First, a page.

Mile 22

Movie review by
Michael Ordona, Common Sense Media
Mile 22 Movie Poster Image
Strong violence and language in Wahlberg action thriller.
  • R
  • 2018
  • 95 minutes

Parents say

age 17+
Based on 8 reviews

Kids say

age 15+
Based on 8 reviews

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A lot or a little?

The parents' guide to what's in this movie.

Positive Messages

For reasons that would be spoilers to reveal, it's safe to say that this is very much not a message movie.

Positive Role Models & Representations

The team -- which includes several women -- behaves bravely and is self-sacrificing. That said, some of their actions aren't exactly legal/moral.


This may be Wahlberg's most violent film to date. Expect lots of shoot-outs, stabbings, hand-to-hand (and foot-to-face) combat. People get blown up, shot at close range. Unrealistically long fistfights. A person's neck is dragged back and forth over the jagged glass of a broken car window. Plenty of blood. A woman is brutally beaten during a one-on-one fight with a male opponent.


Persistent strong language, particularly "f--k" and its variants, but also "s--t," "ass," "c--k," and more.

Drinking, Drugs & Smoking

What parents need to know

Parents need to know that Mile 22 is an extremely violent spy/military thriller about a CIA paramilitary squad (led by Mark Wahlberg) that's tasked with safely transporting a person with crucial information. Expect strong, bloody violence throughout, including lots of shoot-outs, stabbings, and fistfights (many with pretty brutal beatings). People get blown up and shot at close range, and in one scene, a person's neck is dragged back and forth over jagged glass. There's also tons of strong language, especially "f--k" and "s--t." Lauren Cohan (The Walking Dead), MMA star Ronda Rousey, John Malkovich, and martial arts performer Iko Uwais co-star.

User Reviews

  • Parents say
  • Kids say
Adult Written byCheezix October 22, 2018

After about 10 minutes we walked out of the cinema

Technically the movie felt like high quality, but the conversations were super unnecessarily vulgar and extremely offensive to Christians. The main characters k... Continue reading
Adult Written byAlex K. October 10, 2020

Horrible ending

Besides the violence and language mentioned in other reviews, this is a horrible movie. (SPOILER ALERT) It ends with everyone dying except one person (the main... Continue reading
Teen, 13 years old Written bySupernova16353 February 19, 2021

Mile 22

Very violent and had major profanity
Teen, 15 years old Written byadvid_movie_lover February 7, 2021

One of the MOST Violent movies I've ever seen

This movie is pretty good for the raitings it got, but the emence amount of violence in it is just disturbing. People get bones torn out of their bodies, get th... Continue reading

What's the story?

In MILE 22, James Silva (Mark Wahlberg) leads an elite CIA paramilitary squad that also includes Alice Kerr (Lauren Cohan), Sam Snow (Ronda Rousey), and Bishop (John Malkovich). The team is tasked with spiriting Li Noor (Iko Uwais), a man with crucial information, out of Indonesia. But the clock is ticking, and it seems like the entire city is coming down on the team as a mysterious Russian intelligence unit observes from afar.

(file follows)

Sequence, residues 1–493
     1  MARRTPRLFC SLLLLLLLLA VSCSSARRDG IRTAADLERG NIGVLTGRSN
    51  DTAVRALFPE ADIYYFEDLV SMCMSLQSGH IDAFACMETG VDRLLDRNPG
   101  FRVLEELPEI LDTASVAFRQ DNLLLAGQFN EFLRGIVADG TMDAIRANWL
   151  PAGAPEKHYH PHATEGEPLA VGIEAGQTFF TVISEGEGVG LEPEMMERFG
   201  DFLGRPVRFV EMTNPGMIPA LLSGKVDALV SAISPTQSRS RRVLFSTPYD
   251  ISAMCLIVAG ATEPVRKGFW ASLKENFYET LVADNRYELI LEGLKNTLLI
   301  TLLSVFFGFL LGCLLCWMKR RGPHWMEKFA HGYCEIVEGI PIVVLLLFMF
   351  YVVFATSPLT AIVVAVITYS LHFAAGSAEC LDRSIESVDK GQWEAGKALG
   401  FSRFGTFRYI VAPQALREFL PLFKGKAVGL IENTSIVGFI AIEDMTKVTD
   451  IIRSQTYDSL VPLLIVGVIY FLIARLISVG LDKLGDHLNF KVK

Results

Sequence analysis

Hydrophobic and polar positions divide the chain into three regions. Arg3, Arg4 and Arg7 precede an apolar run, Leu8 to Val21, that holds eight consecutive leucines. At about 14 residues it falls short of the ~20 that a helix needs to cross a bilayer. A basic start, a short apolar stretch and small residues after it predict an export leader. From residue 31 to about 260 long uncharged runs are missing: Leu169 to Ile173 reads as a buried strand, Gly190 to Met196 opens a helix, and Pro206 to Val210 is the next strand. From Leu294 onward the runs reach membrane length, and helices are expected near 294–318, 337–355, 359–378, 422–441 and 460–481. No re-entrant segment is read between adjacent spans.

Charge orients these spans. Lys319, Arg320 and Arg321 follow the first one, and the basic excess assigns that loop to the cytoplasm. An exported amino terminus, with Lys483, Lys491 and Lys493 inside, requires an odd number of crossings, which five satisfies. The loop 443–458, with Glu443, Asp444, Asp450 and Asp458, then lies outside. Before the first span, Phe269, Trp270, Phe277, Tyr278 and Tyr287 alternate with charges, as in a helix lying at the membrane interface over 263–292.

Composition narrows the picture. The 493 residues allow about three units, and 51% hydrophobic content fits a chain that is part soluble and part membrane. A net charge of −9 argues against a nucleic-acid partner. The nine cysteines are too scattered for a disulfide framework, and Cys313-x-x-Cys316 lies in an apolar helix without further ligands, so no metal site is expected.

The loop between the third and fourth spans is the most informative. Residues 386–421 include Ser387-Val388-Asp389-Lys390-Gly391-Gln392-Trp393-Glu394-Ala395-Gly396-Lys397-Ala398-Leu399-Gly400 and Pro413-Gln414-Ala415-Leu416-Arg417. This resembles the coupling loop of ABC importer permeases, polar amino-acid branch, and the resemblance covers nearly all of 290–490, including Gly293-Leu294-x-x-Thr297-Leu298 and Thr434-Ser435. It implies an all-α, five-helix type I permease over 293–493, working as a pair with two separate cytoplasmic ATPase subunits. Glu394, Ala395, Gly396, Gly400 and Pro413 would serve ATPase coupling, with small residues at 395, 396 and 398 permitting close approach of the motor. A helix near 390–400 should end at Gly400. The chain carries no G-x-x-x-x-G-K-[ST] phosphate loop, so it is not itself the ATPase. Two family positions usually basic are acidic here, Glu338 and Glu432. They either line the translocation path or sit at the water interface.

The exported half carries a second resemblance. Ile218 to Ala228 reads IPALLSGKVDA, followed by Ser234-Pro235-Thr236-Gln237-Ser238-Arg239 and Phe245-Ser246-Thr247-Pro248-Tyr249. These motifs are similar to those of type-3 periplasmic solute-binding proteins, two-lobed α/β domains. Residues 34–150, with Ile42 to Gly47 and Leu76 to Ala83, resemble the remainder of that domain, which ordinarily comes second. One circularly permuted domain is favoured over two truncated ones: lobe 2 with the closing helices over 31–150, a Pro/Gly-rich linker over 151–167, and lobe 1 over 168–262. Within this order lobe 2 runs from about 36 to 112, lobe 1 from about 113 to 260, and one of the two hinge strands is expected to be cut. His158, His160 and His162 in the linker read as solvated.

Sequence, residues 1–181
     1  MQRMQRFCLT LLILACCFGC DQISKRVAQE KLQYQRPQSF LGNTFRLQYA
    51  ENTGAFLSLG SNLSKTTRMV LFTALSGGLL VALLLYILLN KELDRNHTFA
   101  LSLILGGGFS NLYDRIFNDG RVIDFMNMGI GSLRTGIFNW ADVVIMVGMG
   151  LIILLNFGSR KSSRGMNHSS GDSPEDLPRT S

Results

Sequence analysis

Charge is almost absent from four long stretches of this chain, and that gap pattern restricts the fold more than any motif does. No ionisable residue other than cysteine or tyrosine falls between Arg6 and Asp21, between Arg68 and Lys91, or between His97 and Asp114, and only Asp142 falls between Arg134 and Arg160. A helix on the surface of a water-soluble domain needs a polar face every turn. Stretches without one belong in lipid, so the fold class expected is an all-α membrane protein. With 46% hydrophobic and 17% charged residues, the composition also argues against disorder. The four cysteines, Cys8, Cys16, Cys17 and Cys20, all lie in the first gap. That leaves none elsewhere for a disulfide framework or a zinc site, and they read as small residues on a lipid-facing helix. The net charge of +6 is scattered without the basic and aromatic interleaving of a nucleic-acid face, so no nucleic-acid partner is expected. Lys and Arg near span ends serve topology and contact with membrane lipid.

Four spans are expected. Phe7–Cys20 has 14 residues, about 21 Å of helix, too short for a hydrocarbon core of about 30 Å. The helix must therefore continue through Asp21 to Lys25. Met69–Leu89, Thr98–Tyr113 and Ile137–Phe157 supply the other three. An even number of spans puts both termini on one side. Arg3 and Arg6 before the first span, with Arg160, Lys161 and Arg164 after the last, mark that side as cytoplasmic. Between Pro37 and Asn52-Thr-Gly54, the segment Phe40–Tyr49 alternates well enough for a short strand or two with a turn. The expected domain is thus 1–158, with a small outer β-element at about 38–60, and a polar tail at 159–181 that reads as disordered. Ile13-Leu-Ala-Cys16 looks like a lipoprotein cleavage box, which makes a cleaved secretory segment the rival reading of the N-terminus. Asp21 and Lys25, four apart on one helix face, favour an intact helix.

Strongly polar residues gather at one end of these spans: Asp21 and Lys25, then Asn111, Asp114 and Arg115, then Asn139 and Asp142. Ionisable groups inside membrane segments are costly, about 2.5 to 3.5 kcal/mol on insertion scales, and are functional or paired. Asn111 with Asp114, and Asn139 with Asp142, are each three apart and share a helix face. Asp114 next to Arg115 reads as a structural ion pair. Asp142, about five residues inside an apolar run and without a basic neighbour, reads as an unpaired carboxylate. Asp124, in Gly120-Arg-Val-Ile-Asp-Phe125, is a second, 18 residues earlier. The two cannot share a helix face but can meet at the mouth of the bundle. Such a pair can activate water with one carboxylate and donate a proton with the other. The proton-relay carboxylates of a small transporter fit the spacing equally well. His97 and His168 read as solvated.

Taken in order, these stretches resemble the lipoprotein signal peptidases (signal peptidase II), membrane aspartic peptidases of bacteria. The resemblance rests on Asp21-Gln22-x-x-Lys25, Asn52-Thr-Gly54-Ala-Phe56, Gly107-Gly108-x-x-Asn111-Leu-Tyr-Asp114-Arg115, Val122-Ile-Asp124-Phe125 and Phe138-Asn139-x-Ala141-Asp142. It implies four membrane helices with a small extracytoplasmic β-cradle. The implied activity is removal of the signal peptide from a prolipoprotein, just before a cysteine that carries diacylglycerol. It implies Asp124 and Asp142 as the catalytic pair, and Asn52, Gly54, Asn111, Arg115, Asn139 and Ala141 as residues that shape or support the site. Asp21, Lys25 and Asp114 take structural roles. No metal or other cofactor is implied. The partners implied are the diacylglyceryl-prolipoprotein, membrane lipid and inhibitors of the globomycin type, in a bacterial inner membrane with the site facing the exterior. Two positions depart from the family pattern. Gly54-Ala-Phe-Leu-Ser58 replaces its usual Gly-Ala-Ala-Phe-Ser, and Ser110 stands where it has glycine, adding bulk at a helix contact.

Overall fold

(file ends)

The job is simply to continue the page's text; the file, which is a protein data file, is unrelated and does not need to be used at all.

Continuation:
Is it any good?

If you accept some nagging loose ends and intentionally jagged filmmaking, this is an enjoyable action thriller with some surprises. Director Peter Berg and Wahlberg's fourth collaboration, Mile 22 has some of their hallmarks: gritty style, vérité, handheld camera work, a macho vibe, and violence. But there are two major differences. First, Wahlberg attempts a full-on characterization (for better or worse, he's not known as a transformational actor) and only occasionally succeeds. And second, Berg opts for a machine-gun filmmaking style, and that's not a good thing. The editing and cinematography choices make it difficult to follow the action, which is a shame when they’ve cast Uwais (The Raid), one of today’s most exciting martial-arts stars. You simply can't see what he's doing much of the time. In style, the movie is more like The Bourne Supremacy than, say, Mission: Impossible -- Fallout. That approach may, at times, be related to Wahlberg's character, who has his own challenges to deal with. Perhaps Berg was trying to convey the jumble in Silva's head, but the characterization and approach are inconsistent.

It's fascinating to see the movie's modern warfare elements, melding boots-on-the-ground action with high-tech, eye-in-the-sky support. And there are interesting contemporary references, including to Russian hacking as a plot element. Cohan ratchets up her action cred from zombie slaying in The Walking Dead to trained killer here. The script has both good moments (including a funny but profane rant by Terry Kinney) and head-scratching ones (the framing device of a debriefing isn't helpful, and the ending will leave many wondering about some things). And you have to be very willing to suspend your disbelief during scenes like the one in which this supposedly ultra-secret team conducts all-out warfare in broad daylight in a busy city before countless cameras. Still, Mile 22 brings the type of action scenes genre fans want and goes to some surprisingly dark places.

Talk to your kids about ...

  • Families can talk about the violence in Mile 22. If you watch lots of action thriller-type movies, is this what you expect to see? How would you describe its impact?

  • Do you consider any of the characters role models? Why or why not?

  • The movie includes some references to contemporary politics. Did that help create the film's world, or did it not matter to you? 

  • At the end of the film, did all the plot elements make sense to you? Is that important?

Movie details

Our editors recommend

For kids who love action thrillers

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